Closer to home if we all believe the church is meant to be one big happy family where everyone cares for others. And we also want to tell people when they have do things that insult us or hurt us. We know that when we speak out of our pain or anger it leads to division and unhappiness. Again is it not possible that we make a commitment to discover the truth that holds together our belief in church and our need to express unhappiness.

Similarly we all believe that the Church is a place where all are welcome. Yet when we give people a list of some of the possible people who might turn up at church we all admit that there will be some that we will struggle to welcome. Things like someone showing signs of a mental illness or someone who looks dirty and unkempt and smells of alcohol, these people would be hard for many to welcome well. So again if we explore the paradox that all are welcome and we feel there is a risk in welcoming some people; we may discover deeper truths at the heart of the paradox.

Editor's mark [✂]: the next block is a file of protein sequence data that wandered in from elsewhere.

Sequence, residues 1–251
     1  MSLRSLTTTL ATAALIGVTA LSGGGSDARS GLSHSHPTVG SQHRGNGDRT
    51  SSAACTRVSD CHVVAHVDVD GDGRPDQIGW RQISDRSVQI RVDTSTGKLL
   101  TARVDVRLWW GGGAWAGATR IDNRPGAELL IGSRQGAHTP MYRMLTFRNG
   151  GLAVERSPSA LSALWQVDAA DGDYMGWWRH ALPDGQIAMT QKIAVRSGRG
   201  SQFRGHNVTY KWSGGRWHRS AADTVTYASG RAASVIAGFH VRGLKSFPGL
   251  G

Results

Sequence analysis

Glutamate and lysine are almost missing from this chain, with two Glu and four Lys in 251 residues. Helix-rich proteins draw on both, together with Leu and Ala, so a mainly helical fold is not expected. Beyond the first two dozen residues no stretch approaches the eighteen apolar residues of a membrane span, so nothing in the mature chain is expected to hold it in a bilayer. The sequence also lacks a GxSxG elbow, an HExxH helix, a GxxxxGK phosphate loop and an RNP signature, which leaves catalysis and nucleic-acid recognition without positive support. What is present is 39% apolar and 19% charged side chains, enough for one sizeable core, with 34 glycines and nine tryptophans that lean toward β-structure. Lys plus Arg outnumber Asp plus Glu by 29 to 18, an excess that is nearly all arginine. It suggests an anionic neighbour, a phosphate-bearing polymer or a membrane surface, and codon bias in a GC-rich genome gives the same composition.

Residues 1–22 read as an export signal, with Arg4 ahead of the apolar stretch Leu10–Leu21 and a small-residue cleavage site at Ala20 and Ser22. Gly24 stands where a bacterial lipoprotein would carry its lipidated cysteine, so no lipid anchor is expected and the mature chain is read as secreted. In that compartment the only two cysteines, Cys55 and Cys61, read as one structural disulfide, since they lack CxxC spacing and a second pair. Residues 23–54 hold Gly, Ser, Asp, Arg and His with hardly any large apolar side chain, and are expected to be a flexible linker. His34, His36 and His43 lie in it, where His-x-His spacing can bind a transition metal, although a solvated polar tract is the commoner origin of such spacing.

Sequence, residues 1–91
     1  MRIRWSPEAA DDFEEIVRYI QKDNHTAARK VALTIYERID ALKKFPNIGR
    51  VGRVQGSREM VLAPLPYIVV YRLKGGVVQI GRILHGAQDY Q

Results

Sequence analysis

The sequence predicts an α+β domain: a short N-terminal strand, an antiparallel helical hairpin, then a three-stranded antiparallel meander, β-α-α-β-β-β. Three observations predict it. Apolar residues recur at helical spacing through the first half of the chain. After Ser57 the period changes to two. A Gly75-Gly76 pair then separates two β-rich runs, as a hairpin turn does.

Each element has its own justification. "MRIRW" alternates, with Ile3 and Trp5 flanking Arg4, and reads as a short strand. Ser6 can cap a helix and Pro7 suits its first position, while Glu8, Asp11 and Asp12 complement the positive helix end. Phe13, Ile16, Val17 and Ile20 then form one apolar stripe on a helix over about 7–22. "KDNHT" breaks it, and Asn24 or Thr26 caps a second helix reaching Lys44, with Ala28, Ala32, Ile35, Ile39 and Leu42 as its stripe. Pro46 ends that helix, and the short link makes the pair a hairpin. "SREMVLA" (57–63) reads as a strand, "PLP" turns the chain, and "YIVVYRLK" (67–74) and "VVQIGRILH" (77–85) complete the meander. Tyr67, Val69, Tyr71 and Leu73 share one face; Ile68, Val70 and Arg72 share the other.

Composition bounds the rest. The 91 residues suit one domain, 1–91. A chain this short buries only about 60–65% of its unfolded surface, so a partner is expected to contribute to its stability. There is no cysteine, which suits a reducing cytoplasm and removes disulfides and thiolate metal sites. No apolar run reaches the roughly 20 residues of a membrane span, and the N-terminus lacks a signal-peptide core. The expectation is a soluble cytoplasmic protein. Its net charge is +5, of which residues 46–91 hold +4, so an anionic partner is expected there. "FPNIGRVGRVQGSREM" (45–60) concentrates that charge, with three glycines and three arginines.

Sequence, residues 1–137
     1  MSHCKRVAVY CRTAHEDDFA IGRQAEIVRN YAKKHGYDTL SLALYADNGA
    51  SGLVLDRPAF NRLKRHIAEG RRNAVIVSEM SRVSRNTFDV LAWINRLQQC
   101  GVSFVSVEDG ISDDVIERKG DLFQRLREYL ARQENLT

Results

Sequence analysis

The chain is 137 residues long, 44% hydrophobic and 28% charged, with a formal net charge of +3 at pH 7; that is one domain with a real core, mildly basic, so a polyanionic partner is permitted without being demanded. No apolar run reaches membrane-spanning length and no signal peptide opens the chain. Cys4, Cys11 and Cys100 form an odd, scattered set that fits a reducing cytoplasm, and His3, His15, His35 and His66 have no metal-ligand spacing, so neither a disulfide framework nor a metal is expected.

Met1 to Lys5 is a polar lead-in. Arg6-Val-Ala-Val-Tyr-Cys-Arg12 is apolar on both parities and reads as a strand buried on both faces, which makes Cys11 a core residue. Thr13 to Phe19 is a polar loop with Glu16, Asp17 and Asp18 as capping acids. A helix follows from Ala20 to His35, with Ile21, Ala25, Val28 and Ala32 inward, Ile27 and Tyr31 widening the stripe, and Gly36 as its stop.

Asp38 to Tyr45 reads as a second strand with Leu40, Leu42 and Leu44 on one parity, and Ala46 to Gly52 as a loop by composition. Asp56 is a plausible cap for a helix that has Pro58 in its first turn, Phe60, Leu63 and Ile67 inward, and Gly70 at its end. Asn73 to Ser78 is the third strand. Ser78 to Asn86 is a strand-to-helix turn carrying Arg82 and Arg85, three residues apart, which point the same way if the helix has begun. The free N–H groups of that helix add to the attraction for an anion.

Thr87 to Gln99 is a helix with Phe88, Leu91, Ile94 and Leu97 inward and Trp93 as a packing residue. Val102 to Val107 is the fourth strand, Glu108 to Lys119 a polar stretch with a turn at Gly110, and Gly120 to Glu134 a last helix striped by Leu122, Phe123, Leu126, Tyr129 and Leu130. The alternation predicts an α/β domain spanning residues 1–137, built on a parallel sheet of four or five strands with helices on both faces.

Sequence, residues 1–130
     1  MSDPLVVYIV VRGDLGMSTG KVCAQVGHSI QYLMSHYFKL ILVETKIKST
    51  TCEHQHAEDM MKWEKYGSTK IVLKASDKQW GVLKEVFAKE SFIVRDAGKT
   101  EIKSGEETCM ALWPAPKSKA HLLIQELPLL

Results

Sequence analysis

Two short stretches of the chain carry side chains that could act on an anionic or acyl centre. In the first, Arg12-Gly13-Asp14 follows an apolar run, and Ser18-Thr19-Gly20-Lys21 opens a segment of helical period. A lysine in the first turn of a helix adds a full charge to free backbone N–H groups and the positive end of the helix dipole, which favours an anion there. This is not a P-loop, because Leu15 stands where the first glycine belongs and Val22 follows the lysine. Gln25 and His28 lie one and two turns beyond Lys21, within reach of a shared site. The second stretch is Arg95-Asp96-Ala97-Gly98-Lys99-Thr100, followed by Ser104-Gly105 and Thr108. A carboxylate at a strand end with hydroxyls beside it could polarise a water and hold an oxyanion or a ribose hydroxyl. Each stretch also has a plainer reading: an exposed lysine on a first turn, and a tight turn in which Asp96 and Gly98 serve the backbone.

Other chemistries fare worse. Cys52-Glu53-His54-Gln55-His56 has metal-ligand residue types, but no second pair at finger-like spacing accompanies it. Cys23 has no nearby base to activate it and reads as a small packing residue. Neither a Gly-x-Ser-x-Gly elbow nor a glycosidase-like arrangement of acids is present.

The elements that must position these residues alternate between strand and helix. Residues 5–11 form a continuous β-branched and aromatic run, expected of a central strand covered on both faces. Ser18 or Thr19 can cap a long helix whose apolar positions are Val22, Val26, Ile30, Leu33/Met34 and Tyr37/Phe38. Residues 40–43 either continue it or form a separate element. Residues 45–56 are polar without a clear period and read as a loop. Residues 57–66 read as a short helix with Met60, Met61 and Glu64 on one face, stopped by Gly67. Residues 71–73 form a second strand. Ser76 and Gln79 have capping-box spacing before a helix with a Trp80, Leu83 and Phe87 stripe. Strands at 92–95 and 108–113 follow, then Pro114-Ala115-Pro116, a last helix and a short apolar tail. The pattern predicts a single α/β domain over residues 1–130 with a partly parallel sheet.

The beauty of us delving deeper in these paradoxes is that we grow spiritually and emotional as we explore the truth from various perspectives. As we do this work we also see a greater sense of unity and cohesion in the life of the Church. It is then that we become a real blessing to the wider community as we can model life that grows out of the truth hidden in paradoxes.


So as we begin our journey towards Christmas let’s not focus only on the sweet new child in Bethlehem but also focus on the reality of Catastrophe. Let’s celebrate the birth of God with us while beginning the collaborative work that brings redemption for humanity as a whole. We begin that collaboration in our own families and in our own parish community.

Let’s pray, Lord, help us to be open to the paradoxes of life, with an open mind to the deep truths hidden within.